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Wednesday, 25 May 2016

The Necklaces of Aphrodite


Iron Mooring Posts, Corfu New Harbour - the Necklaces of Aphrodite - ὅρμους χρυσείους - no mortal or god could keep her tied down. Was it a golden necklace (περιδέραιο, κολιέ, ὅρμος) -
  or an iron chain?

"And the goddess brighteyed Athena girded and clothed her, and the divine Graces and queenly Persuasion put necklaces of gold upon her" (Hesiod, Work and Days)

ζῶσε δὲ καὶ κόσμησε θεὰ γλαυκῶπις Ἀθήνη:
ἀμφὶ δέ οἱ Χάριτές τε θεαὶ καὶ πότνια Πειθὼ
ὅρμους χρυσείους ἔθεσαν χροΐ






"And when they had fully decked her, they brought her to the gods, who welcomed her when they saw her, giving her their hands. Each one of them prayed that he might lead her home to be his wedded wife, so greatly were they amazed at the beauty of violet-crowned Cytherea".







So said the father of men and gods, and laughed aloud. And he bade famous Hephaestus make haste and mix earth with water and to put in it the voice and strength of human kind, and fashion a sweet, lovely maiden-shape, like to the immortal goddesses in face; and Athena to teach her needlework and the weaving of the varied web; and golden Aphrodite to shed grace upon her head and cruel longing and cares that weary the limbs. And he charged Hermes the guide, the Slayer of Argus, to put in her a shameless mind and a deceitful nature. So he ordered. And they obeyed the lord Zeus the son of Cronos. Forthwith the famous Lame God moulded clay in the likeness of a modest maid, as the son of Cronos purposed. And the goddess brighteyed Athena girded and clothed her, and the divine Graces and queenly Persuasion put necklaces of gold upon her, and the rich-haired Hours crowned her head with spring flowers. And Pallas Athena bedecked her form with all manner of finery. Also the Guide, the Slayer of Argus, contrived within her lies and crafty words and a deceitful nature at the will of loud thundering Zeus, and the Herald of the gods put speech in her. And he called this woman Pandora, because all they who dwelt on Olympus gave each a gift, a plague to men who eat bread.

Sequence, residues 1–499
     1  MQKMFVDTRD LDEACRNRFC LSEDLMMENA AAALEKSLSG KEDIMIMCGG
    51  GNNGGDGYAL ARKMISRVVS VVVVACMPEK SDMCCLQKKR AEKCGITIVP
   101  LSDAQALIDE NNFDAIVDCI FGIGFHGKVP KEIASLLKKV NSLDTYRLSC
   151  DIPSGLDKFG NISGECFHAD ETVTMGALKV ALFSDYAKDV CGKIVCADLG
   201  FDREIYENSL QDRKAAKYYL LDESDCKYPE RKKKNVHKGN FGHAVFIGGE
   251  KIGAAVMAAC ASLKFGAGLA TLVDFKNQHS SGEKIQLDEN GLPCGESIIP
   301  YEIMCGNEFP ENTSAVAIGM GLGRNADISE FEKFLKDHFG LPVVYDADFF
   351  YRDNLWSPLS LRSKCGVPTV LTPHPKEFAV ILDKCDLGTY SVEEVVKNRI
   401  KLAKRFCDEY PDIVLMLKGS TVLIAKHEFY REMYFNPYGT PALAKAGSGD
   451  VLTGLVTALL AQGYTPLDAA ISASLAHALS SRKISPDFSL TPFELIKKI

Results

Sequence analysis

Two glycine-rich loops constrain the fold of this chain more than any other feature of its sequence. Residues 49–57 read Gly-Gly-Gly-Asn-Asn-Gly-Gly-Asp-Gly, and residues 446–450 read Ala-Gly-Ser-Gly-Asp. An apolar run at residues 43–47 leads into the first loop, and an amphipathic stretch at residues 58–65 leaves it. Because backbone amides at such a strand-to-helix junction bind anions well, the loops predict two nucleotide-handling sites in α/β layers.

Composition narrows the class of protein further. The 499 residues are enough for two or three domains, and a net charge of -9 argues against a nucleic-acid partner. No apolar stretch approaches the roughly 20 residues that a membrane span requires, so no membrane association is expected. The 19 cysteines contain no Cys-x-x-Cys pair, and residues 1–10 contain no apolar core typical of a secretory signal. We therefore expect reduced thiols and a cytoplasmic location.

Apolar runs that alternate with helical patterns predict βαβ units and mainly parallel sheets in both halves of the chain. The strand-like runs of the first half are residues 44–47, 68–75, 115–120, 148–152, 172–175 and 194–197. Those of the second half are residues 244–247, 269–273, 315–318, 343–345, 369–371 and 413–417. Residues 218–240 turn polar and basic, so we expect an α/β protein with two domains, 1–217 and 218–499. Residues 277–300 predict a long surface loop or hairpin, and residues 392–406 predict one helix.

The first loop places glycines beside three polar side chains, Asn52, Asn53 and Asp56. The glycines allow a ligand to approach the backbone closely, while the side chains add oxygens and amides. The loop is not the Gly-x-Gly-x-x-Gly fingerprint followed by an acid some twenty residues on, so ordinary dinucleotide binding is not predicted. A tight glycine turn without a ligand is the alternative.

Hugh G. Evelyn-White


A ROMAN MARBLE TORSO OF VENUS, Christie's


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